Let's actually get some sensible referential material into this debate.
"No wizardry, nor spell, nor dart,
No fang, nor venom devil’s art
Could brew had harmed him; for his weird
Was woven. Yet he little feared
That fate decreed and known to all:
Before the mightiest he should fall, before the mightiest wolf alone
That ever was whelped in cave or stone."
Lays of Beleriand
This refers to Huan, the Hound of Valinor, who is fated not to die until he should meet the mightiest of all wolves. The wolf in question turns out to be Carcharoth, who has bitten off the hand of Beren.
This to my mind says two things:
1: The mightiest wolf, that paragon of wolfhood to whom all wolves should aspire is the one who eats directly from the hand of Morgoth himself. It doesn't say the mightiest evil wolf, the mightiest warg, but the mightiest wolf.
2: There is an obvious parallel with the Norse tale of the Fenris wolf biting off the hand of Tyr. Tolkien is drawing heavily on the norse concept of wolfdom throughout the books, even naming the offshoot race, the wargs, after the norse word for wolf (vargr in old norse).
Set against this wolf on the side of light, is a wolfhound. A dog, albeit a big dog!
"At last, in the year when Earendil was seven years old, Morgoth was ready, and he loosed upon Gondolin his Balrogs, and his Orcs, and his wolves; and with them came dragons of the brood of Glaurung"
“Escaping goblins to be caught by wolves!” he said, and it became a proverb, though we now say ‘out of the frying-pan into the fire’ in the same sort of uncomfortable situations.”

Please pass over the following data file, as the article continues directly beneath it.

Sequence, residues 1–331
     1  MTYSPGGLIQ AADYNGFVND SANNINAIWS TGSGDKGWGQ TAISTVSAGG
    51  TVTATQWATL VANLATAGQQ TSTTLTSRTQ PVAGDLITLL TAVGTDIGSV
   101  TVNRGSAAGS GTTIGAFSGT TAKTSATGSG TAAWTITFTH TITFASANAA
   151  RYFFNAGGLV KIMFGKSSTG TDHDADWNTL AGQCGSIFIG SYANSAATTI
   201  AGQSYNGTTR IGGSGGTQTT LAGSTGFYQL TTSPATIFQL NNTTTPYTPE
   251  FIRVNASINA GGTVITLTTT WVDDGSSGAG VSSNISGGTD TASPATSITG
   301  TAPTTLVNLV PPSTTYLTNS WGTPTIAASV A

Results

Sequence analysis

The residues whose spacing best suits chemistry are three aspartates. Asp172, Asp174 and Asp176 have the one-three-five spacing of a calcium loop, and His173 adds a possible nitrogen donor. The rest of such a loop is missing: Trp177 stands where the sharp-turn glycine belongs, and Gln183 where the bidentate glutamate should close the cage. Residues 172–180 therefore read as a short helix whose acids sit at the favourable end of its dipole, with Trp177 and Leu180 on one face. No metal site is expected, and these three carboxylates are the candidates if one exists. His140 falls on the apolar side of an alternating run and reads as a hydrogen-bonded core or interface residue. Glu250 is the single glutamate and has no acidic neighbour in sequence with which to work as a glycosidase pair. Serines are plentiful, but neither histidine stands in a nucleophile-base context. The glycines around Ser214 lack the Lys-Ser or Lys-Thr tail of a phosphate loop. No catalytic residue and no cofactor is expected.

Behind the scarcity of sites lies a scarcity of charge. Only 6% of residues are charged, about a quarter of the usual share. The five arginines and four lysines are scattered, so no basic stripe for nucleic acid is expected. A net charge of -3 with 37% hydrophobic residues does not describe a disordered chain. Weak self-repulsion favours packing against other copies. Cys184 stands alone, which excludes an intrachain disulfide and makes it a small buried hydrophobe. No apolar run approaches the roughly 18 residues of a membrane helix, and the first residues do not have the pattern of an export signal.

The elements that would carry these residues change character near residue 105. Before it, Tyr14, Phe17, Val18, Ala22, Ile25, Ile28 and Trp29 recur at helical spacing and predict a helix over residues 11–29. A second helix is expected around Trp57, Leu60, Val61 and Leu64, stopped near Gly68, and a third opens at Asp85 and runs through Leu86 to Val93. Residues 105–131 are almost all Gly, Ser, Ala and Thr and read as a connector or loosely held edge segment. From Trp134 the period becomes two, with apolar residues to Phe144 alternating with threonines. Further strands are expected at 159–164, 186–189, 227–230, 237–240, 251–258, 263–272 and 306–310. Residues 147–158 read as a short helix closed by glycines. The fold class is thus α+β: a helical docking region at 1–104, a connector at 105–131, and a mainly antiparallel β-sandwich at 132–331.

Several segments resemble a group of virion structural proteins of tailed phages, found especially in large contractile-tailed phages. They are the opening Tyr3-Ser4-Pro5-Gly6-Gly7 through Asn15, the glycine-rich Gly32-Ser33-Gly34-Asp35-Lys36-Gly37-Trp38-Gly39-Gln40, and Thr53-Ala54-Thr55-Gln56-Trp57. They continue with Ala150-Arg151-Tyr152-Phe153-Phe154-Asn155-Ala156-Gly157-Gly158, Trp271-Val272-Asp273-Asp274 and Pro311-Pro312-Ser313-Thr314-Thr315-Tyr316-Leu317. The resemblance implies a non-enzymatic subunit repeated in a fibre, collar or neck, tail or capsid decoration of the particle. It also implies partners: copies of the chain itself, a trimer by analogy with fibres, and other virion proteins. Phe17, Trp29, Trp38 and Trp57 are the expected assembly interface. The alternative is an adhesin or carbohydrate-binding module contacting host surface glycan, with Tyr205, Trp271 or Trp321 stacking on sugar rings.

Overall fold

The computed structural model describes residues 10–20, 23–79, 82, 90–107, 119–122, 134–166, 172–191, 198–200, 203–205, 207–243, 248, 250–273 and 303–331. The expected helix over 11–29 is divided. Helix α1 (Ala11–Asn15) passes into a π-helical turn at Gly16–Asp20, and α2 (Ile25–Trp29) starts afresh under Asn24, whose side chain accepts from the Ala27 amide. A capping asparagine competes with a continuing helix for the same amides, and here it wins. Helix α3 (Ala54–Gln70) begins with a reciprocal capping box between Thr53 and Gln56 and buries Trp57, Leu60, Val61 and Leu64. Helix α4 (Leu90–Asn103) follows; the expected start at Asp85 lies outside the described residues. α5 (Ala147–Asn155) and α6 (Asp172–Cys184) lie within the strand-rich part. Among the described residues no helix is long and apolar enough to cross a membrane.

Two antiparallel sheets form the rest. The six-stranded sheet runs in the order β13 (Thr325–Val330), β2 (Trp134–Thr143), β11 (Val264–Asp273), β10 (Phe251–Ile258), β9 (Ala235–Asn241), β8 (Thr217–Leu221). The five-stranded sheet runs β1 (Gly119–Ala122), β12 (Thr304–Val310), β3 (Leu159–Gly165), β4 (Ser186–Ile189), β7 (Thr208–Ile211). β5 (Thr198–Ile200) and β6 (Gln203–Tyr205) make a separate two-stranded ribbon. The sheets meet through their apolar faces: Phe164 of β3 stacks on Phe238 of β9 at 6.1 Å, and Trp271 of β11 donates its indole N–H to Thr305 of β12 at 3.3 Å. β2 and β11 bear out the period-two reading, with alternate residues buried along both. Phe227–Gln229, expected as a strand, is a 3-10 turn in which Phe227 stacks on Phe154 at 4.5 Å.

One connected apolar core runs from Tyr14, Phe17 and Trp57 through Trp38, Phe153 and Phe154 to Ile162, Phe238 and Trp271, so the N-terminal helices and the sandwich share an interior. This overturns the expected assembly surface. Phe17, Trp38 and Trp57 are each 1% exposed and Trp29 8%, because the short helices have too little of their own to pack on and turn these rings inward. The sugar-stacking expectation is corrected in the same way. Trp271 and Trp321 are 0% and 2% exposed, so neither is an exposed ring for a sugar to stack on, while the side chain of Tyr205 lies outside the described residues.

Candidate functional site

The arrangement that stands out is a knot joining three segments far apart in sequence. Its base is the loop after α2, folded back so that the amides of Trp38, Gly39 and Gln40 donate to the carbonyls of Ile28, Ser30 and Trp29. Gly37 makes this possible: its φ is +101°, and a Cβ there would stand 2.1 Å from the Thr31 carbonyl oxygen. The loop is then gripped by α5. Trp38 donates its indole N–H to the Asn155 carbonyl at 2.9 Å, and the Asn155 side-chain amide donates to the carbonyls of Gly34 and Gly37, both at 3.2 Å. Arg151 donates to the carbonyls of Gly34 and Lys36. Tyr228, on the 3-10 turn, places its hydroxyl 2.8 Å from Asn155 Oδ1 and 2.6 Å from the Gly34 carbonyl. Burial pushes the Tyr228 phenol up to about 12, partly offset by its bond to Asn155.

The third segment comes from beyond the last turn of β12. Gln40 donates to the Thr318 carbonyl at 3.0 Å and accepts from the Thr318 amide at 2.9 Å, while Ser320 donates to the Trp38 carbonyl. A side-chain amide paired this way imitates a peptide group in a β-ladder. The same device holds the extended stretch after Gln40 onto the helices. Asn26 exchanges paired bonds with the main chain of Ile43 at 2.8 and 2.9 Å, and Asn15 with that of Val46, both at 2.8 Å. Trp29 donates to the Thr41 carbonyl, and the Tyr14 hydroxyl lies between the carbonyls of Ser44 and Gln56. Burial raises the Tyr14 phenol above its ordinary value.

Tolkien's wolves are those of the norse myth. They are the wolves of Grimm's tales who will gobble up little red riding hood. Peter's wolf who swallows ducks alive in one gulp. Robinson Crusoe's wolves, eating men alive
I've got nothing against wolves, but this is Middle Earth, not the Belgariad, not Call of the Wild, not Dances with Wolves. It's Middle Earth, where the wolves are evil.
I'll grant that simply because "neutral" or "common" wolves are not mentioned in the books doesn't in itself prove their non-existence. It is of course impossible to prove a negative. To accept that they can exist, however, I think we need to see something which gives the possibility. Something in Tolkien's background, the source material he draws upon and so forth.
As far as I can see, all the available source material leads to only one conclusion, middle earth wolves are by nature, evil. Evil from the earliest of times, allying with Morgoth and marching with him to Gondolin. There is simply nothing which points any other way, I cannot accept an argument which is based on nothing more than an unsupported opionion of: Well, there surely must be!